Edward Gresser says that US tariffs are disproportionately applied to goods consumed by low-income Americans. Moreover, he says that there aren’t enough low-income Americans working in those industries for the employment benefits to outweigh the consumer costs of “taxing the poor.”
It is only a slight exaggeration to argue that the tariff system has essentially evolved into a tax on clothes and shoes, which generate most of the government’s revenue from tariffs. In 2007, clothes alone accounted for $9.5 billion of the $26 billion in U.S. tariff revenue, shoes added $1.9 billion, luggage and handbags another billion. The cost to the public, magnified by retail markups and sales taxes, is likely about $40 billion a year. It is a burden that disproportionately affects poor and working-class Americans.
Though the tariff system is smaller than other taxes, it is far more regressive. This is because poor people spend a greater share of their income on clothes and shoes than do wealthy or middle-class people. The cheap and simple goods made in poor countries and bought by low-income Americans are subject to far higher tariffs than luxury goods. An acrylic sweater attracts a 32 percent tariff, while a cashmere sweater gets only 4 percent; a polyester bra is tagged with a 17 percent tariff, while one made of silk gets less than three percent; and a cheap stainless steel fork is hit with a 19 percent tariff, while a silver-plated spoon has none at all…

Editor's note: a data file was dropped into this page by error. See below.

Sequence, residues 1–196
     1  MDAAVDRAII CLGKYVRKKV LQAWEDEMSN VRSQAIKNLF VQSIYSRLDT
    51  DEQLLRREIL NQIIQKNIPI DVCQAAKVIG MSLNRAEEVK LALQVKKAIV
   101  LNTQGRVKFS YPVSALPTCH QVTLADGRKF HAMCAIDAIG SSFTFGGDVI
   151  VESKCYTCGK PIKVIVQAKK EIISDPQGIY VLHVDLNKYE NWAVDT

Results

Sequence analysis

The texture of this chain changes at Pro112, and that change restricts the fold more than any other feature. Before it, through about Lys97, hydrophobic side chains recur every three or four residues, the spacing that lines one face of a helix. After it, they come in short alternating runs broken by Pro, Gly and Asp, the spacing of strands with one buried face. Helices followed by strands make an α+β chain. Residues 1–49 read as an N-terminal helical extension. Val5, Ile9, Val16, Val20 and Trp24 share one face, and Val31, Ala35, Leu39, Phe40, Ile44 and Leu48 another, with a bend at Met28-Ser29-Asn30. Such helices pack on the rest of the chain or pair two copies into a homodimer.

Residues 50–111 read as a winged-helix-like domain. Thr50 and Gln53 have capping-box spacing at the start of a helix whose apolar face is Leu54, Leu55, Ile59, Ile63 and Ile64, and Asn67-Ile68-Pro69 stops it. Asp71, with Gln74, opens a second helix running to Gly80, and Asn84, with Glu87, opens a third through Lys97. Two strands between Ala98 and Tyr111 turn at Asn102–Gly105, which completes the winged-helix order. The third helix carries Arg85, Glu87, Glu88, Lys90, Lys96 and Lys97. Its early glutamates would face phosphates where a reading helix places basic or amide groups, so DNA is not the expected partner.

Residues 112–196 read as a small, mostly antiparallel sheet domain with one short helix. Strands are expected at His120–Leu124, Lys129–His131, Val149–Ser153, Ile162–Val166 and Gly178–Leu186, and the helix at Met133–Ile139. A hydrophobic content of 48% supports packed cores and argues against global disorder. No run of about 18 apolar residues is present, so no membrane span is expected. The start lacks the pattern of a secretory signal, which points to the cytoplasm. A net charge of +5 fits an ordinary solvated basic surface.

In 1998, high-tariff industries — such as shoes and textiles — employed about 930,000 people in the United States. By 2002, the number had declined to 650,000. Now, with tariff rates unchanged, the figure has dipped to 400,000 U.S. workers. And the highest tariffs are often the least effective. The 48 percent sneaker tariff, for example, falls on a product that has not been made in the United States since the early 1970s. The United States today now finds itself clinging to an antiquated system that hits poor people hardest and protects few if any jobs while stunting growth and discouraging exports from some of the world’s poorest and most vulnerable countries.